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April 13, 1964 | Volume 20, Issue 15

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Sandy Koufax Cover - Sports Illustrated April 13, 1964

April 13, 1964
"I know that one should not look a gift horse in the mouth," said roly-poly old Nikita Khrushchev, bubbling with goodwill on a visit to Hungary. But the precept was promptly forgotten when...

April 13, 1964 | Tom C. Brody
In this Olympic sport the U.S. has shown that you can, and the 1964 Tokyo squad will continue that winning tradition. There seems to be a natural, happy affinity between the American boy and the...

April 13, 1964 | Bob Ottum
Chrysler racing engines took on mythic proportions at Daytona, but at Atlanta Ford struck back

April 13, 1964 | Charles Goren
The Italians are favored to win the upcoming World Olympiad, but they must beat a strong American team which uses psychological warfare

April 13, 1964 | Jack Olsen
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April 13, 1964
BADMINTON—The Danes dominated the All-England championships at Wembley Stadium near London, but England's JUDY DEVLIN HASHMAN, formerly of Baltimore, won the women's title for the fifth straight...

April 13, 1964
Danny Bolduc, 10, a center on the Waterville, Me. All-Star Pee Wee hockey team, made seven big goals in three games at the national championships in Sault Ste. Marie, Mich. and was named the...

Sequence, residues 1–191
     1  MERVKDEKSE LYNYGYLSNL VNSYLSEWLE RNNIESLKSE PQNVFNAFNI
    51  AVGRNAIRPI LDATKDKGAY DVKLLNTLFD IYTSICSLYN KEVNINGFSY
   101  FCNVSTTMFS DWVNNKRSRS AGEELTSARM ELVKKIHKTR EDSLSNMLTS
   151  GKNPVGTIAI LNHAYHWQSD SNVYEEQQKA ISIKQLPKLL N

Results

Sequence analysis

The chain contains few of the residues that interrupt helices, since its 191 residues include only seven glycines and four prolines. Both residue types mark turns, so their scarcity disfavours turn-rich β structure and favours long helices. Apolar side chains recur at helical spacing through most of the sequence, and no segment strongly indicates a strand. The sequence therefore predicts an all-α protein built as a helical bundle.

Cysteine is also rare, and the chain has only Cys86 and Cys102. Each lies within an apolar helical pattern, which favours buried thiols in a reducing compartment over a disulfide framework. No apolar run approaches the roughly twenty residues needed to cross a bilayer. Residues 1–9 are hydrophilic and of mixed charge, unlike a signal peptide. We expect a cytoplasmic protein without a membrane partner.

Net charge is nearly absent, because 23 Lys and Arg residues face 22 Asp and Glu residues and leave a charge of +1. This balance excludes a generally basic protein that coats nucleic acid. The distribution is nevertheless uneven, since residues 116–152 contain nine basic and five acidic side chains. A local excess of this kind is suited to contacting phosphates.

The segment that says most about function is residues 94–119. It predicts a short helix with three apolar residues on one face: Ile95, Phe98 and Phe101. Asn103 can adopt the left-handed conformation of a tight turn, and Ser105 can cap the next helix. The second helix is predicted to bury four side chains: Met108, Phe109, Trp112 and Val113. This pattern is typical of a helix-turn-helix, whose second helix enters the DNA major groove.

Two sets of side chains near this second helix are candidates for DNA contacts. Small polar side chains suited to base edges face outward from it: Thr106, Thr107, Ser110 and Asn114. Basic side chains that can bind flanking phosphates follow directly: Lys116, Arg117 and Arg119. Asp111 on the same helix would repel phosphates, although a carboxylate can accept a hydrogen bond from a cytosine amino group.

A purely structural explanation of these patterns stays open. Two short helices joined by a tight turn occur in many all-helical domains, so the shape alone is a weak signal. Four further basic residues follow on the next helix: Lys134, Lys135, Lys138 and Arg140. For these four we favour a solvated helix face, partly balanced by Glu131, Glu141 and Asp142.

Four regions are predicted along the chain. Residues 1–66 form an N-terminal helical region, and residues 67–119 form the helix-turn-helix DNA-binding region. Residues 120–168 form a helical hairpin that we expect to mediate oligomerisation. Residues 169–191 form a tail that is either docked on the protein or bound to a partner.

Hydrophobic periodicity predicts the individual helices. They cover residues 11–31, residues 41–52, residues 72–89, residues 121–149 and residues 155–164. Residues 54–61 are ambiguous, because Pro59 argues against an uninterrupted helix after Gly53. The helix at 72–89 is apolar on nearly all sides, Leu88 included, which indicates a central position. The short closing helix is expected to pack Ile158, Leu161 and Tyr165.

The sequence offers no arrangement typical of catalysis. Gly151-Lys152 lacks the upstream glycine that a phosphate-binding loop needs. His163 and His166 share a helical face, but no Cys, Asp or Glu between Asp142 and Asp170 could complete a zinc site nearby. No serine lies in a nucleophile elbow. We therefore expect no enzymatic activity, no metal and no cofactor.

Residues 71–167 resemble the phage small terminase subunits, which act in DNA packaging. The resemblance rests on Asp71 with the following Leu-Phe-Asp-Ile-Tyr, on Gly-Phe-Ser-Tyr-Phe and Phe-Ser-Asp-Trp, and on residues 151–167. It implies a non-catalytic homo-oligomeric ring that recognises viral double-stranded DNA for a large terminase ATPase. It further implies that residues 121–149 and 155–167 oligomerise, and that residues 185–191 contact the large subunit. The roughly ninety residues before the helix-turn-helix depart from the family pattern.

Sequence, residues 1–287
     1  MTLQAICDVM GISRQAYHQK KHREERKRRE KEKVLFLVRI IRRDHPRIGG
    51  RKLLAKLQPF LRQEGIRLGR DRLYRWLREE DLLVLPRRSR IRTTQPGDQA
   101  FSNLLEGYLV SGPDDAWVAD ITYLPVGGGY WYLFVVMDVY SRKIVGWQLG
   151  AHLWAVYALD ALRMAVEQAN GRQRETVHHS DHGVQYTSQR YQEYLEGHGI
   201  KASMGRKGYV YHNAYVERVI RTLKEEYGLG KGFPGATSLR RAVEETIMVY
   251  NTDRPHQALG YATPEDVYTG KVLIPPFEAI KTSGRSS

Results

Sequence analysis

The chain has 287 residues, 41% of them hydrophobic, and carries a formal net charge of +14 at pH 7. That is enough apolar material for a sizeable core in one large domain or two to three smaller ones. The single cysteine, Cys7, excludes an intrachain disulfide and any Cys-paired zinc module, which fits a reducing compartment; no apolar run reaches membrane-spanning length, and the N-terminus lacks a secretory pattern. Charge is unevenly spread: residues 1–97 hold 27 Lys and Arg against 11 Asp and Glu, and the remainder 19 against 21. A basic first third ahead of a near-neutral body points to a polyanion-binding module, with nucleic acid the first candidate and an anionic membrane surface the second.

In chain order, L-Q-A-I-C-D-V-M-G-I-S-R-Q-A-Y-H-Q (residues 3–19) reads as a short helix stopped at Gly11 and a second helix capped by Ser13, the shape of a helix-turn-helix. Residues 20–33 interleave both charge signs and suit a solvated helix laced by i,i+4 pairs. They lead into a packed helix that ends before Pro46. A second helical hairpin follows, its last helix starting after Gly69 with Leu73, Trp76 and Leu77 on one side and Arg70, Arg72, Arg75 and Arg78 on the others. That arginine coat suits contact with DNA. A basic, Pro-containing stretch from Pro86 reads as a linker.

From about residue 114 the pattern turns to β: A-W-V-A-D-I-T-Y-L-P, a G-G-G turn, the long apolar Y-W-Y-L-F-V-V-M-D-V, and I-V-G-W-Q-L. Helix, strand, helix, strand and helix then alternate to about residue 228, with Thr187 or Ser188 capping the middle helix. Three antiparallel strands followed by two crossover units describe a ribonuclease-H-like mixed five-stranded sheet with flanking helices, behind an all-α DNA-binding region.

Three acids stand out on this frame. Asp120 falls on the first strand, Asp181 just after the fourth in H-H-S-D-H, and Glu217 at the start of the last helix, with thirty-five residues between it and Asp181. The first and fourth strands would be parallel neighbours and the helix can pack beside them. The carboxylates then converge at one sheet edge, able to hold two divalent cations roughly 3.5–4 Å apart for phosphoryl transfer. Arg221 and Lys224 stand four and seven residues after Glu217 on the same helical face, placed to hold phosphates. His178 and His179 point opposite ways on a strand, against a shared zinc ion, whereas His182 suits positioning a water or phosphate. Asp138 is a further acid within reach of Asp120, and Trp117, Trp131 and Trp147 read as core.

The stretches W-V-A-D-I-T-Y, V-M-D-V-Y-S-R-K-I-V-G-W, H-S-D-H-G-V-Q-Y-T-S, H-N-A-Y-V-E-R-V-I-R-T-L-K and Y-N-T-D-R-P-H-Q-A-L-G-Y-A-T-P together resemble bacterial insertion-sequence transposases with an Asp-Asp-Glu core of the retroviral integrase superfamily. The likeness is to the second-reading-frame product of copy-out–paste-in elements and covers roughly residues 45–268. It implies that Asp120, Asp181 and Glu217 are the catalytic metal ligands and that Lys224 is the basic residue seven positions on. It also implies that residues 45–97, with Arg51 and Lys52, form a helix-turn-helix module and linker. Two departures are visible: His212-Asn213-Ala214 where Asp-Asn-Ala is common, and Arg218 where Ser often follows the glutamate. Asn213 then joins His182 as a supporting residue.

April 13, 1964
4—Joe Consentino24, 25—Robert K. Bailey-Miami News27—Hy Peskin29—Art Shay, James Drake30, 31—Associated Newspapers40—Walter Iooss Jr.41—John Iacono51—Herb Scharfman53, 58—Walter Iooss...

April 13, 1964
ALL WRONG, ALREADYSirs:Earnshaw Cook is entitled to his opinion (Baseball Is Played All Wrong, March 23), but anybody who thought the Yankees could have beat the Dodgers last fall had better get...

April 13, 1964

April 13, 1964
•Tommy Jacobs, golf pro, after missing a three-foot putt at the Greater Greensboro Open tournament: "Six inches from the hole the ball made a U-turn and never even stuck out its hand."

April 13, 1964 | Whitney Tower

April 13, 1964 | Edwin Shrake
Last week Jack Nicklaus told why power golfers have an advantage at the Masters. Now those who must rely on finesse complain that courses are longer everywhere, and wonder if the tour still has a...

April 13, 1964
The masters gets another champion, and Alfred Wright reports on how the spring season's biggest golf tournament was won—and lost—with color photographs of the action.

April 13, 1964